4. Remind clients that participation in research is not a requirement for coaching;
  5. State that subjects can withdraw consent to participate in research at any time;
  6. Tell how subjects’ personal information and data will be protected; and
  7. Give contact information in case the subject has questions.

For further advice and sample language, coaches can refer to university IRB publications like a University of Montana document called “Informed Consent” filed under “Templates & Examples” at http://www.umt.edu/research/complianceinfo/IRB/forms.aspx.

Even if they are not actively involved in research, some coaches may wish to inform their clients of the possibility that their data may be used down the road.  Sample language can be found in counseling and psychology consent forms such as these:

Information for Psychotherapy Clients of Andrews & Associates, available at http://www.andrewsinc.net/Client_Information.html.

North Central Ministry Development Center, Policy on Use of Client Data in Research, available in the Client Forms section at http://ncmdc.org/forms/forms-client/.

Exemptions

Coaches may ask whether informed consent is really needed if they are using simple surveys that benefit their clients and cause no psychological stress.  There are two common exemptions that may apply if the clients’ personal information is completely separated from the data:

  1. Anonymous survey research:  The Common Rule exempts survey research where the data cannot “be identified, directly or through identifiers linked to the subjects” and disclosure of the data could not “reasonably place the subjects at risk of criminal or civil liability or be damaging to the subjects’ financial standing, employability, or reputation.” 45 CFR 46.101(b)(2).
  1. Existing data.  The Common Rule also exempts “Research involving the collection or study of existing data, documents, [or] records, … if the information is recorded by the investigator in such a manner that subjects cannot be identified, directly or through identifiers linked to the subjects.  45 CFR 46.101(b)(4).

Before deciding that one of these exemptions applies, a coach should carefully consider factors like the number of clients and surveys involved, and the chance that something like handwriting or specific answers could reveal a client’s identify.  Even with a large number of clients, changing or deleting names is never enough.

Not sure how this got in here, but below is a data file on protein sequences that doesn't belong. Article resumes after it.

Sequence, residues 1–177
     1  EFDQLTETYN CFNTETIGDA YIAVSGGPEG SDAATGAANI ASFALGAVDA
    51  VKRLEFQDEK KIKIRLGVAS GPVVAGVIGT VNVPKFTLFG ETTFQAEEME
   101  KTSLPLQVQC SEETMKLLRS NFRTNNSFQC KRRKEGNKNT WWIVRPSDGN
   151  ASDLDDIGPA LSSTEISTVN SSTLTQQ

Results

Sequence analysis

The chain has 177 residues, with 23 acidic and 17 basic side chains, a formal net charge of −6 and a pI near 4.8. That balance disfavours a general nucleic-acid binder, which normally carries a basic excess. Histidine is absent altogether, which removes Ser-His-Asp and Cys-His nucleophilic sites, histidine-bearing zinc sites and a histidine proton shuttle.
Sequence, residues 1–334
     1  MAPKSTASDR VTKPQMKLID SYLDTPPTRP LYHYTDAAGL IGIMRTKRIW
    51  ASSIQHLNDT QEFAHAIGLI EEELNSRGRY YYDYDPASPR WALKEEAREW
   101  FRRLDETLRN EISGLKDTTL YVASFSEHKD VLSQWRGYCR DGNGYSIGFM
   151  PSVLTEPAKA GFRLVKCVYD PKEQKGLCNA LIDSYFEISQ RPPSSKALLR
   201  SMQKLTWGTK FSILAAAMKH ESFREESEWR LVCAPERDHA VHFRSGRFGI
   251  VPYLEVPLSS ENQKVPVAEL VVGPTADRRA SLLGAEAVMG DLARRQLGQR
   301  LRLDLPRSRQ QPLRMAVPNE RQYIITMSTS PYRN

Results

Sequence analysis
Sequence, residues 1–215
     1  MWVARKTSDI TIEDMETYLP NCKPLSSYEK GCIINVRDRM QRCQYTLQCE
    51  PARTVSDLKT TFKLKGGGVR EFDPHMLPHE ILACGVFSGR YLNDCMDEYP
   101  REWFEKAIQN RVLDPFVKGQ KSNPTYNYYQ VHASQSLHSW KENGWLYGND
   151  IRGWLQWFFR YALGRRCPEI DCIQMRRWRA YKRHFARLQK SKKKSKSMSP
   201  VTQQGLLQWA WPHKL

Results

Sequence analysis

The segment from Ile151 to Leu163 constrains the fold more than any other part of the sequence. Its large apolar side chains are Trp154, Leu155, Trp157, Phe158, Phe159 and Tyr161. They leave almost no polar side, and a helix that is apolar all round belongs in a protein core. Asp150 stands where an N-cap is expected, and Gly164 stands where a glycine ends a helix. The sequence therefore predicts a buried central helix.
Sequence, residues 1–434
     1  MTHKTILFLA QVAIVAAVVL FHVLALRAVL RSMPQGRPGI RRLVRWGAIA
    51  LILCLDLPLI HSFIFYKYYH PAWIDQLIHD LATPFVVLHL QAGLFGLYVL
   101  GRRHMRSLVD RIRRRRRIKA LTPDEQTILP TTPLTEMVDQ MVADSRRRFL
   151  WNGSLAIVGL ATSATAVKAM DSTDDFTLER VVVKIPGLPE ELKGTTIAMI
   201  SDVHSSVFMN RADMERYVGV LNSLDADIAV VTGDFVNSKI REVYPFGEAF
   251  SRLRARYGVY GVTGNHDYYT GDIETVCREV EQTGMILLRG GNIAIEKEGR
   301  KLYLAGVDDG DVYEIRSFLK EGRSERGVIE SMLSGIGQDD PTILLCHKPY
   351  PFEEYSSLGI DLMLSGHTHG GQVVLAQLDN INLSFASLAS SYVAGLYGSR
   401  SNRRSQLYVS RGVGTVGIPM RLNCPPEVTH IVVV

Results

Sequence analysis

Conclusion

The protection of human subjects in research is a complex topic.  Coaches using client data for research will need familiarity with the basic concepts to determine whether prior informed consent is needed and, if not, what other steps are appropriate to ensure client privacy and the ethical use of information.

For Further Information

Coaches interested in learning more can start by taking the NIH training mentioned above, by talking with more seasoned investigators, or by clicking on sources referenced in this article.  Also recommended is an Australian Association of Social Workers publication called Ethics and Practice Guideline – Using client information for research and educative purposes.  This guideline overviews why informed consent matters, gives examples of when a practitioner may wish to use client information in research, and suggests procedures for obtaining informed consent and/or depersonalizing information to ensure client anonymity. (August 2013, http://www.aasw.asn.au/document/item/4678)

Call for Volunteers

The ACO Research Committee is considering a subcommittee to help ACO focus on the action-oriented parts of research such as:

  • Recruiting ACO coach-investigators;
  • Supporting new research studies, grants and peer-reviewed articles; and
  • Developing institutional collaborations.

If you are interested in joining this effort, please contact Joyce Kubik.

NOTE: This article should not be read as legal advice or a comprehensive guide, and it does not necessarily represent the views of the ACO or its Research Committee. This review was written as a service to ACO members by Dorothy Bisbee, JD, CCMC, PCC, of the ACO Research Committee and represents the perspective of that author. You can contact her at DorothyBisbee.com